Ivy is a climbing vine that attaches itself to stone, brick and other surfaces, as well as to trees that are dead or living. It climbs by way of small tendrils that grow from the vine. The vine itself can become large and each tendril can send out another branch. It does not take very long for ivy to completely grow up a wall and cover it. Although it is not likely to damage a brick wall, it can become invasive. Ivy leaves are heart shaped and usually have three-lobes. The leaves are shiny and can be green with white or cream accents. Unlike other plants, ivy flowers in the Autumn and sets seeds in the Spring.

Ivy has a fascinating history full of tradition and folklore and like holly and mistletoe stays green throughout the year. This fact led to some believing it had magical and protective qualities and was therefore used to decorate homes during the Winter months. It has also become a symbol of eternal life because it is often found growing on dead or decaying trees, as well as being found growing over headstones in cemeteries. However, at the same time because it is often found in cemeteries it was also viewed as a symbol of death. It used to be said that if ivy was found growing abundantly on a young girl’s grave it meant that she had died of a broken heart.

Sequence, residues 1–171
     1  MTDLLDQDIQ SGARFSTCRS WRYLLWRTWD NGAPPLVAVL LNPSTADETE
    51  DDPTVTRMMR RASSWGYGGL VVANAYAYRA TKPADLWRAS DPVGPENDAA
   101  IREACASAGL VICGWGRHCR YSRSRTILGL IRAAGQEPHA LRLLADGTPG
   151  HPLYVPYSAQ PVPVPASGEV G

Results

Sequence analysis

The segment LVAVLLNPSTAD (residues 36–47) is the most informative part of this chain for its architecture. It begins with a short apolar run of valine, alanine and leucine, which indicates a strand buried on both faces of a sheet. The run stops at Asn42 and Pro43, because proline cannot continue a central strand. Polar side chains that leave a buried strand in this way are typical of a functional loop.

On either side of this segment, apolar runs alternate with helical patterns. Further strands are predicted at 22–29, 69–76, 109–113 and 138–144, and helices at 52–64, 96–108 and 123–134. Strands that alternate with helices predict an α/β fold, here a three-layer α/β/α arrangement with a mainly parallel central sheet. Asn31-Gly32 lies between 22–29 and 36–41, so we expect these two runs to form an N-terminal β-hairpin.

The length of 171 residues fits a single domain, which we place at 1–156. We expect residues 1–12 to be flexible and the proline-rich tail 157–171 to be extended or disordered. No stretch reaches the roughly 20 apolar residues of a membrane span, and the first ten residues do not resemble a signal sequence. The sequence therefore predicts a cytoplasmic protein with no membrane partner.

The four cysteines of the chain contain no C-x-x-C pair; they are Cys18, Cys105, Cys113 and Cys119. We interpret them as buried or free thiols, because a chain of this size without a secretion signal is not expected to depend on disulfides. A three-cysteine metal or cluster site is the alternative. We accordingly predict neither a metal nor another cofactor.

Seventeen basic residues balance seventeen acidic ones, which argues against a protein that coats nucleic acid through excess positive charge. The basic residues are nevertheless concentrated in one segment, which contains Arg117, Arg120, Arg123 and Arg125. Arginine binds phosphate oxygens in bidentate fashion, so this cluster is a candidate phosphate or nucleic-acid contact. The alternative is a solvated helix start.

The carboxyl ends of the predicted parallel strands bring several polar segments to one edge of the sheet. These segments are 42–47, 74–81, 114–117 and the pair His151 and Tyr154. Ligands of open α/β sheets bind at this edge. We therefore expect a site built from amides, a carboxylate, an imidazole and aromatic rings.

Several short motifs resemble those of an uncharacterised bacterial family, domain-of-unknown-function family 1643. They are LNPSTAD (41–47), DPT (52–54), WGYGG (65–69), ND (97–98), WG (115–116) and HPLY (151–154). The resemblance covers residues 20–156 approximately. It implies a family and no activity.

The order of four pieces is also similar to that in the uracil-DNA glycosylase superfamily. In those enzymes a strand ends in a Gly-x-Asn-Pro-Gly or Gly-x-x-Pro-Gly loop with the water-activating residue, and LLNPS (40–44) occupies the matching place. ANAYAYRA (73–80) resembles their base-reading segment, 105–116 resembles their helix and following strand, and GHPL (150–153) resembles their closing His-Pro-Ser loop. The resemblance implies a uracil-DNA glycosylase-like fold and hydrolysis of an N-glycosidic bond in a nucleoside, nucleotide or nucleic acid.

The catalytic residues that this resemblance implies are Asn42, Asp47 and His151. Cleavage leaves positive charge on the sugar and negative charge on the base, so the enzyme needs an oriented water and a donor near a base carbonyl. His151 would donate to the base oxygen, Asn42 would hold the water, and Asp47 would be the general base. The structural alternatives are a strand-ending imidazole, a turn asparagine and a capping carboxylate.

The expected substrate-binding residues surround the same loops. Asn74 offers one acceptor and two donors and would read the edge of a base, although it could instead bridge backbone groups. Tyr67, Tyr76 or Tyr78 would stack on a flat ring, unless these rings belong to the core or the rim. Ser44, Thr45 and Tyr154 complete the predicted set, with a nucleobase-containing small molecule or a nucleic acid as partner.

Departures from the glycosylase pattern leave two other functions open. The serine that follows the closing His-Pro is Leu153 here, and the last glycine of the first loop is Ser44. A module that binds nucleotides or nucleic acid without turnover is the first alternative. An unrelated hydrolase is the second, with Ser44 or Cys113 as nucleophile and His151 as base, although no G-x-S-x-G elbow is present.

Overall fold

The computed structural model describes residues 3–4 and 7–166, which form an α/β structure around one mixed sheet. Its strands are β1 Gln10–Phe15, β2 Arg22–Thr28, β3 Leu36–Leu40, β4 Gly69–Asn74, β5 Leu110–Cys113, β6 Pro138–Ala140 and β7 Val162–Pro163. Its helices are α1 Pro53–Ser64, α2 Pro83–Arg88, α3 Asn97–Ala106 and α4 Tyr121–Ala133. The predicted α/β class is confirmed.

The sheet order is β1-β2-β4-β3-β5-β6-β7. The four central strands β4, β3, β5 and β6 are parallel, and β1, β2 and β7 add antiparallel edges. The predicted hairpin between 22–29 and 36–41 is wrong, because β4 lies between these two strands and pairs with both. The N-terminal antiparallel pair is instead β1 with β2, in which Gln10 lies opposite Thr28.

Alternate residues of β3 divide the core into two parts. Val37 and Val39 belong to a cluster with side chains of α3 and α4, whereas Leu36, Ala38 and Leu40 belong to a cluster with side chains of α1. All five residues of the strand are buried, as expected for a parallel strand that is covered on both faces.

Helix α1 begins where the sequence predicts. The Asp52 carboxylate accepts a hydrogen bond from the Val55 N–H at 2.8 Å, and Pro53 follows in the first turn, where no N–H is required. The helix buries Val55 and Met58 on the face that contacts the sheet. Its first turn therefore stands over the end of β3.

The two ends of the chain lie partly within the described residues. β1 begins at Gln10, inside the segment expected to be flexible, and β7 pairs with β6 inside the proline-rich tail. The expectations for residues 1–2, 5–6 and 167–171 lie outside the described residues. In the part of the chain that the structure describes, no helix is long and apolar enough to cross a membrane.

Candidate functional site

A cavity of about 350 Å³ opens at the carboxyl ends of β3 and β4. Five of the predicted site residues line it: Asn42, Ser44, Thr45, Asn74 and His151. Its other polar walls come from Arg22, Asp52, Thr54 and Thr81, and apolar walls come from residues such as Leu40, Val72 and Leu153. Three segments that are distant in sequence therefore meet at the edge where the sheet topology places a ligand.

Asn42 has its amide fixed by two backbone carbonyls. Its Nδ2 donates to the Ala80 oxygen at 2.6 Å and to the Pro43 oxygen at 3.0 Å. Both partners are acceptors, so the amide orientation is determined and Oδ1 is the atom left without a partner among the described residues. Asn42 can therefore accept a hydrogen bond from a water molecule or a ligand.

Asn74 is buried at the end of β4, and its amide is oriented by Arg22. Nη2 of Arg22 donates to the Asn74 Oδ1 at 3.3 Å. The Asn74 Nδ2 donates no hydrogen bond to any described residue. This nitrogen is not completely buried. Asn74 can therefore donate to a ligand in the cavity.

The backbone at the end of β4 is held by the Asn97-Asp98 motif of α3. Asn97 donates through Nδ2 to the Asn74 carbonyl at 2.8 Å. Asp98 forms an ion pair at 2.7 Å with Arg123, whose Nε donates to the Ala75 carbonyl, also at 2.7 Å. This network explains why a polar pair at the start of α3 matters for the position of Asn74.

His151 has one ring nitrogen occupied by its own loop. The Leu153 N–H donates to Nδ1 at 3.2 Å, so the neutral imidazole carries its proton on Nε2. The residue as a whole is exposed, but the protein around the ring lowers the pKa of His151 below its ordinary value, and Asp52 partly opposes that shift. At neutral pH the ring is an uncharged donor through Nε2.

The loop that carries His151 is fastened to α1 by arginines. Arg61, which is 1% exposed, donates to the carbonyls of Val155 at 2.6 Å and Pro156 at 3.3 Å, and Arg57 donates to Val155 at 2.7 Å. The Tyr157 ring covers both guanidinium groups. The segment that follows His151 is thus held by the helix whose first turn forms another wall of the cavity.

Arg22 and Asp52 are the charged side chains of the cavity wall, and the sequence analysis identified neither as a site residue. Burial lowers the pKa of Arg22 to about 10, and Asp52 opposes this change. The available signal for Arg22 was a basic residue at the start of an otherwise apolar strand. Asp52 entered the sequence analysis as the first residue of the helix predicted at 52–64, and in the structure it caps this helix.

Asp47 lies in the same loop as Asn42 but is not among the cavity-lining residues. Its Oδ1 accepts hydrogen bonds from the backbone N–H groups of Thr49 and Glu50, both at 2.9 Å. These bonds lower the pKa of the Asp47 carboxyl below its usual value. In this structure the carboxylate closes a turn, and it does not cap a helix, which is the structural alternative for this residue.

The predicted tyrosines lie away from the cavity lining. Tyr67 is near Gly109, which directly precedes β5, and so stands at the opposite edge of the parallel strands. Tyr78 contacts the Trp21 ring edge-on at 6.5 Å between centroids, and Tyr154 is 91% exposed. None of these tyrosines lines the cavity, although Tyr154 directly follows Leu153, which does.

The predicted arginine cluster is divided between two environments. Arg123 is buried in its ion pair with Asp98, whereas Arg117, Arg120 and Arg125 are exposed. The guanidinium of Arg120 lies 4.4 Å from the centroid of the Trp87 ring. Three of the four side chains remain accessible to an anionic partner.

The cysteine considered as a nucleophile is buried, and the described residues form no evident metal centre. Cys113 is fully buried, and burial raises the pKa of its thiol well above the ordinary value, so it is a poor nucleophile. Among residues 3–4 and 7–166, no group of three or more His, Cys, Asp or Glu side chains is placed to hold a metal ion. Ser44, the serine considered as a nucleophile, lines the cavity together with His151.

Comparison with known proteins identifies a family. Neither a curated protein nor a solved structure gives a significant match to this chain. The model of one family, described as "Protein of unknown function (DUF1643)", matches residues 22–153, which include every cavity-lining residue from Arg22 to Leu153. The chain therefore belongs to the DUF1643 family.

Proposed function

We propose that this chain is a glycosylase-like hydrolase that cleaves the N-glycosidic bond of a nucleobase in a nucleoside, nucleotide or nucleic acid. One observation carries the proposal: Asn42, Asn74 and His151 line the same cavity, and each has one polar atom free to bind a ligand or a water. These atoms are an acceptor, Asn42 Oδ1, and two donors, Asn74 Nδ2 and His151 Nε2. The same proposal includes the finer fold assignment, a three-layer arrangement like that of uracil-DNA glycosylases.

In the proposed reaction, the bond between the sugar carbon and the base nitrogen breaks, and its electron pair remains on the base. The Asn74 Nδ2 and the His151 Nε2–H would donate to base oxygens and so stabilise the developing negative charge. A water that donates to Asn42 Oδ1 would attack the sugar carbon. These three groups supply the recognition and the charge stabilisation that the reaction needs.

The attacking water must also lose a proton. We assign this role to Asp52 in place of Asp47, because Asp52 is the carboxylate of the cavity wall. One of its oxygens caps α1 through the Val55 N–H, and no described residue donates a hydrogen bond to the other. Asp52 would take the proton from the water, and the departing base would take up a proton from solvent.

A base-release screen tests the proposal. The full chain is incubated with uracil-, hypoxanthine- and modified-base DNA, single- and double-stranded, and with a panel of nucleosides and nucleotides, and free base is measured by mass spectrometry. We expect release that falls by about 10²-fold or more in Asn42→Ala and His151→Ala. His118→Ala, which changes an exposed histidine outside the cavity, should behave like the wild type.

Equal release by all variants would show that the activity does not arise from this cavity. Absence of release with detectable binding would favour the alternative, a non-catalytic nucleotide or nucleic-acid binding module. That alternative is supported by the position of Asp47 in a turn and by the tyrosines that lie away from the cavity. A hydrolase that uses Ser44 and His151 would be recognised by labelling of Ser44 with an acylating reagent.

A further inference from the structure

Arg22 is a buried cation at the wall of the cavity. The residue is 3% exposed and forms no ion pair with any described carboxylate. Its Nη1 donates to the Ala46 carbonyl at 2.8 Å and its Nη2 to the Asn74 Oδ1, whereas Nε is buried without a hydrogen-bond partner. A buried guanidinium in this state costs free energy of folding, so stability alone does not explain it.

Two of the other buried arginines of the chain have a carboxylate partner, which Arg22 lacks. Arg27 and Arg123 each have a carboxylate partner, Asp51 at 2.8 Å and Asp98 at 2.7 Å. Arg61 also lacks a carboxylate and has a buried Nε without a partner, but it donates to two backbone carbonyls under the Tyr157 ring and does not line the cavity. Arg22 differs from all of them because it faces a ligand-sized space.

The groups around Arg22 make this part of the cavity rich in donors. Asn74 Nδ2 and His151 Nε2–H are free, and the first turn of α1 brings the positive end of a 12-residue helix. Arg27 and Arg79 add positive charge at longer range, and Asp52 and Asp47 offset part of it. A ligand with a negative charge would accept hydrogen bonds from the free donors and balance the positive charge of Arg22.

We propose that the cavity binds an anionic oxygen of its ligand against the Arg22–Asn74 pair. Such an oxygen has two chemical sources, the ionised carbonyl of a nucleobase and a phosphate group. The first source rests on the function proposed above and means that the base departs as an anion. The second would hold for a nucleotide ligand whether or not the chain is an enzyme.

In other traditions, ivy was a symbol of marriage, fidelity, luck and love. This was perhaps due to its tendency to bind. Brides and grooms in Greece wore crowns of ivy as a symbol of fidelity.

Some versions of the medieval legend of Tristan and Isolde, refer to ivy’s ability to bind. Tristan was a Cornish knight and Isolde was an Irish princess. Tristan went to Ireland to bring back Isolde as a bride for King Mark. However, Tristan and Isolde fell in love before they reached Cornwall after drinking a love potion.

In ancient Rome, ivy was associated with Bacchus (known as Dionysus in Greek mythology), the God of wine and revelry. It was said that a handful of bruised ivy leaves steeped in wine would make it less intoxicating to the drinker, but at the same time more potent! For this reason, taverns used to display an ivy bush over their door as a sign that they were serving the best brew.

The Greeks and Romans held the plant in high esteem as it was seen as a protection against evil and Roman poets were crowned with a wreath of ivy so they could think more clearly and creatively. Perhaps it was the Druids who influenced the Romans, as they too wore crowns of ivy for clarity of thought. Virgil spoke of the gold ivy that had yellow berries, but sadly this ivy is now extinct.

Women would carry ivy with them to promote fertility and wands were decorated with ivy or made from ivy wood for use in spells and fertility ceremonies.
Ivy was also used in love divination especially at Samhain, as this following verse shows: